So yes--lift. It's not a dance move, though. It goes back to the Latin relevare, "to lift or lighten"--in this sense, it's related to "relief". Interestingly, it was originally a Scottish word with a specific legal meaning. It meant "to take up, take possession of  property". It took on (up?) its more general meaning of "having a connection to the matter at hand" later. Not quite sure how the drift happened, but words are like that...

I know--irrelevant.

Saturday, November 3, 2012


Yes, just one more post about voting and then odds are great that you will never have to hear about it from me for four more years, which in blog years means, "never again." But as you're considering your ballots and figuring out how you're going to get to the voting booth on Tuesday--the New York Times has it that "some New Jersey voters may find their hurricane-damaged polling sites replaced by military trucks, with — in the words of the state’s lieutenant governor, Kim Guadagno — “a well-situated national guardsman and a big sign saying, ‘Vote Here.’ ”--you might want to spend a moment thinking about what "suffrage" is. Or maybe not. But as I've already cast my ballot, I have little left to do in life but contemplate such stuff.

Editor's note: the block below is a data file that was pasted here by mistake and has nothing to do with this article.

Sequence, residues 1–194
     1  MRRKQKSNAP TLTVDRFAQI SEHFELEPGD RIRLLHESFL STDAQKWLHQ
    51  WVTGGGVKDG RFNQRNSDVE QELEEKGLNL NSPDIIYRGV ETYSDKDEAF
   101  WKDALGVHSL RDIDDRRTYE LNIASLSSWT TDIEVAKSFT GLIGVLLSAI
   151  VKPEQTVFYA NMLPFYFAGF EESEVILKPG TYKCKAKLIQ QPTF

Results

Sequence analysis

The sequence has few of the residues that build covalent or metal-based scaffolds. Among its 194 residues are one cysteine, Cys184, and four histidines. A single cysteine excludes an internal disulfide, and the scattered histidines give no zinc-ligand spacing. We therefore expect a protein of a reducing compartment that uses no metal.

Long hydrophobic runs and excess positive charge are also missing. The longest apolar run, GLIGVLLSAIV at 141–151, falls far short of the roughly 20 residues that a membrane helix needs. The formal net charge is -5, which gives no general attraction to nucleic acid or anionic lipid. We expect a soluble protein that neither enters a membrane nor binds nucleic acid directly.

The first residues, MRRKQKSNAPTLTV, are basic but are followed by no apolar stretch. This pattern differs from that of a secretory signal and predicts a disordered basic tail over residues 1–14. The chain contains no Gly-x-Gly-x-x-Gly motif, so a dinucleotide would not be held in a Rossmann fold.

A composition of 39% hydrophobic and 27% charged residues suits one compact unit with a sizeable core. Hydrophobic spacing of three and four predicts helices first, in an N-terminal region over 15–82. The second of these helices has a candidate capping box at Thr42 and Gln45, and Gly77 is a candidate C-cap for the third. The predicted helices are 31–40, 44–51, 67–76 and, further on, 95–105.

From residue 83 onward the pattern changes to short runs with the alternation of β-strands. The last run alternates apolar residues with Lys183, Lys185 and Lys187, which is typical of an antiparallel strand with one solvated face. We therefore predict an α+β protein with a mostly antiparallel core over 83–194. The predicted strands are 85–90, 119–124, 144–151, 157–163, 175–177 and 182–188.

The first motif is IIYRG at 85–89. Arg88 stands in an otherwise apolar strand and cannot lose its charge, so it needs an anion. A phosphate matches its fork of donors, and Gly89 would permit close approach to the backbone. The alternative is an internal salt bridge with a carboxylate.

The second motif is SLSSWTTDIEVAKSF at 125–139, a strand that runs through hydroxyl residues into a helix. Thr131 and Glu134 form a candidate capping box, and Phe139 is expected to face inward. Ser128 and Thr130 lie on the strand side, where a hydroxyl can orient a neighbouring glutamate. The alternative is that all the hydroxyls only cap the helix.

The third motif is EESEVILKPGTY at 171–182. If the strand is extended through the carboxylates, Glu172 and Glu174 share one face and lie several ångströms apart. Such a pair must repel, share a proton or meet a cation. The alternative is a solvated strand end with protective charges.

When I was a kid and heard about the suffragettes, and learned that they were working to get women  the vote, I'm sure I thought that suffrage had something to do with suffering. As I  mentioned a couple of posts back, the British suffragettes went through some hardships for the cause, so this wasn't the wildest guess I've ever made.

But suffrage actually has different origins. "Suffer" has roots in the Latin sufferre, to bear or undergo--it's really sub- plus ferre, to carry, and is thus more related to ferrying people than it is to universal voting rights.

Suffrage, on the other hand, comes from suffragari, which was Latin for "lend support, vote for someone". It breaks down sub- plus fragor--"crash, din, shouts". (The Online Etymology Dictionary steers us a bit by adding "(of approval). But fragor comes from frangare--to break. So suffrage is actually related to the word "fraction", rather than to the vehicle that will carry people across.

Interestingly, and I did not know this, it's  first usage meaning the right to vote comes in a very American document--the U.S. Constitution of 1787.         

Crash, din, shouts. Huzzah!